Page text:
Cherry Hill Public Schools’ 12th annual Volley for Support doesn’t officially start until 5:30 p.m. on Friday, April 8, but students and teachers in Cherry Hill will be participating in the event throughout the school day.
At this year’s fundraiser, all proceeds are being donated to the Juvenile Diabetes Research Foundation. In conjunction with the normal Volley for Support event, most of the schools in the district will be participating in JDRF walks. Students are being encouraged to raise funds at home and bring the money they collected to school prior to the walk.
“We thought this would be a way to do something during the day and have the kids be involved,” said Steve Redfearn, a physical education teacher in Cherry Hill who started Volley for Support in 2005 with his wife and fellow teacher, Kim. “Some of them might not be able to make it to the event at night.”
Redfearn is hoping this year’s Volley for Support becomes one of the largest in the event’s history. To do this, everyone from teachers to students to community members are being asked to donate money, goods or time in some way.
Students in Cherry Hill schools have an extra incentive to fundraise. Many of the elementary schools set goals for the students. If the students meet their goal, they will earn some type of reward where their respective school principal will do something fun and goofy. One example from last year was at A. Russell Knight Elementary School, where students got to turn Principal Eugene Park into an ice cream sundae.
“We realized having some type of incentive for them at the school level would help them come together as a community,” Redfearn said.
Redfearn has also reached out to school, town and police officials to get community members involved in the walks.
“We’re going to try to have a special guest come out to each of the walks,” he said.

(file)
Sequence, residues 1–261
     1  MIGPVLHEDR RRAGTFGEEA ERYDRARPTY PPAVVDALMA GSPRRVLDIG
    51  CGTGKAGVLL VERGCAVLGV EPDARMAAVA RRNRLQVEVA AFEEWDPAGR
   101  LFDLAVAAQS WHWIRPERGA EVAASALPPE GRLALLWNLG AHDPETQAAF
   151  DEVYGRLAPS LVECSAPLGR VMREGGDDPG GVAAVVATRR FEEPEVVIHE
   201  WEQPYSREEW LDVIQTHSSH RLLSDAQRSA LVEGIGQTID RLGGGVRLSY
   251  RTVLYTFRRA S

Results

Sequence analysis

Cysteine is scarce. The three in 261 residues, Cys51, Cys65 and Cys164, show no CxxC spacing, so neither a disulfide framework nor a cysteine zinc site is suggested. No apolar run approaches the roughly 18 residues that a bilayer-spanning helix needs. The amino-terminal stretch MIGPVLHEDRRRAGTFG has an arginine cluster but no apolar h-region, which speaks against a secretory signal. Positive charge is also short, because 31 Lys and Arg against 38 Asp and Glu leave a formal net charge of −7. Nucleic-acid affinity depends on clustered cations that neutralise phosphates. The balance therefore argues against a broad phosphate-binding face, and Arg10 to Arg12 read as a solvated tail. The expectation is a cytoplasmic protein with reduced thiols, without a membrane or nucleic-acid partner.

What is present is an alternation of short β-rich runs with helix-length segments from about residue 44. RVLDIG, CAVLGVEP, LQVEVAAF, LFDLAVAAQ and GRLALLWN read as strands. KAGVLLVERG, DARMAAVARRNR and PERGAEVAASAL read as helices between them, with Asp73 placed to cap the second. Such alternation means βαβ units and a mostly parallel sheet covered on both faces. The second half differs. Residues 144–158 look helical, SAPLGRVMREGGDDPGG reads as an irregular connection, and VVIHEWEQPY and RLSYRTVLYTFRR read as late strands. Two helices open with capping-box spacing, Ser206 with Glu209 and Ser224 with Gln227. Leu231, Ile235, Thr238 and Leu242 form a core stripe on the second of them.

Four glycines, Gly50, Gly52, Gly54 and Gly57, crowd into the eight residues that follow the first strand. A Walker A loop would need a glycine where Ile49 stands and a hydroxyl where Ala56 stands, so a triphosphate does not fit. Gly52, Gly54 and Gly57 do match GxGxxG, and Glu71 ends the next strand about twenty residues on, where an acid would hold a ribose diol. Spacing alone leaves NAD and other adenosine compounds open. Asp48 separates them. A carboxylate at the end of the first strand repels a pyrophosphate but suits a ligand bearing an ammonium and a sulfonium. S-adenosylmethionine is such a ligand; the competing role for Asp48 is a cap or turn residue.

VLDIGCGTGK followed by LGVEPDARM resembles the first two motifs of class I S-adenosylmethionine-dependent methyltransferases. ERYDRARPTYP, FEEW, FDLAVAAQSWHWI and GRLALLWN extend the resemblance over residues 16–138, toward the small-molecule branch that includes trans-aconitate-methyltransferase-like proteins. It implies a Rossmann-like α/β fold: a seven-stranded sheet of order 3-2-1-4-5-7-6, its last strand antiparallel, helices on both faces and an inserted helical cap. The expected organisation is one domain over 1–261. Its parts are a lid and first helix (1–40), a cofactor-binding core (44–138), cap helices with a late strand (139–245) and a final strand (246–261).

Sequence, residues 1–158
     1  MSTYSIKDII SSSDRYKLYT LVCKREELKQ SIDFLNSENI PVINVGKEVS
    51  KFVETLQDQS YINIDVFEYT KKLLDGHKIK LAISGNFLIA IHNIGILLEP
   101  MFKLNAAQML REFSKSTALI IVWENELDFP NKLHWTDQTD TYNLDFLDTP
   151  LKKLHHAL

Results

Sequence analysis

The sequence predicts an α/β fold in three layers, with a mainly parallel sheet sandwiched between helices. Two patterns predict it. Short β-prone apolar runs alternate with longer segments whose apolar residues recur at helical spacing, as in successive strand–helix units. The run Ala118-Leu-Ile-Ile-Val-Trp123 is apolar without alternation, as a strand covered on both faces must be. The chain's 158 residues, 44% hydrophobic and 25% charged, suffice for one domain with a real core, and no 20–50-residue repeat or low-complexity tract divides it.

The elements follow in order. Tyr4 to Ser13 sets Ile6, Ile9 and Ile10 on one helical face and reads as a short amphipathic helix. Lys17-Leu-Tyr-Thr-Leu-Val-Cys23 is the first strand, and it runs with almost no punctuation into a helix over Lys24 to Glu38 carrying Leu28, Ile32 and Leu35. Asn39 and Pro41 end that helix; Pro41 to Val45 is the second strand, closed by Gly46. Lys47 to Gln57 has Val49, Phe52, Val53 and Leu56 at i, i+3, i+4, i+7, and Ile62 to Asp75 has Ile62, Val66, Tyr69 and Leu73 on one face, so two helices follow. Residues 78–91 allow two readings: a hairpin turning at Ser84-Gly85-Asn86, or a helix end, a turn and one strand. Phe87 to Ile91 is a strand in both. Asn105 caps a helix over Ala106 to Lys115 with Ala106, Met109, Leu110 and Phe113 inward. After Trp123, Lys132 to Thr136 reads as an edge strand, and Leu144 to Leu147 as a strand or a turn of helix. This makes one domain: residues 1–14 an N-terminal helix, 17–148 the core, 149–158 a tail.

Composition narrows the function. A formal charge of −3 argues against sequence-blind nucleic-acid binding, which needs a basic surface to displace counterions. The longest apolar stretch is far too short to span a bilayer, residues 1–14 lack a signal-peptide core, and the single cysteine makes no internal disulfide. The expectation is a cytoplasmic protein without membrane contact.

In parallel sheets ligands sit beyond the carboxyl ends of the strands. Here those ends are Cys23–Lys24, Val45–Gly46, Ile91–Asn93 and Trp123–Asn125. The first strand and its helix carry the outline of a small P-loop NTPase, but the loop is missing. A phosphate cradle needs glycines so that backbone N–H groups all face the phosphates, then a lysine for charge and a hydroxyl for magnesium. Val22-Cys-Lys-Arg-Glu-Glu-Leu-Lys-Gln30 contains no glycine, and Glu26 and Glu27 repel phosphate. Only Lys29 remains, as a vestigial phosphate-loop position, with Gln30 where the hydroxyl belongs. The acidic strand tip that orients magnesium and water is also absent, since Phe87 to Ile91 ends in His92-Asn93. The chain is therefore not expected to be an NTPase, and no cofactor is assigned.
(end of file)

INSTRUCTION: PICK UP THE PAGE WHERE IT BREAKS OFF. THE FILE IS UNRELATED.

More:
The walks during Friday’s school day will lead up to Volley for Support main event at Cherry Hill High School East in the evening. Teachers from every Cherry Hill school will compete in a volleyball tournament. Last year, the teachers from Carusi Middle School won first place.
The teachers also chip in for gift baskets to be raffled off during the event. The gift baskets typically have themes and feature a variety of prizes. One of the big prizes from last year’s event was a Google Chromebook.
“They try to pick things that when the kids come, they’ll pick things they’re interested in winning,” Redfearn said. “Some schools have joined together and the baskets become more attractive.”
T-shirt sales are also a big part of fundraising each year. Community members could purchase t-shirts about a month or longer prior to the event for $12. The t-shirt sales give community members free admission to the event.
Redfearn said the goal is to raise about $25,000 this year. Last year, the event was very successful, with $20,100 being raised for Camp No Worries and Camp Erin. It was the second highest amount the event had ever raised, with the most coming in 2011 when it raised about $24,000 for Build Jake’s Place.
Volley for Support is open to all members of the community. The cost of admission is $3, with people wearing a Volley for Support t-shirt being admitted for free. Visit Volley for Support’s Facebook page atwww.facebook.com/VolleyforSupport for more information.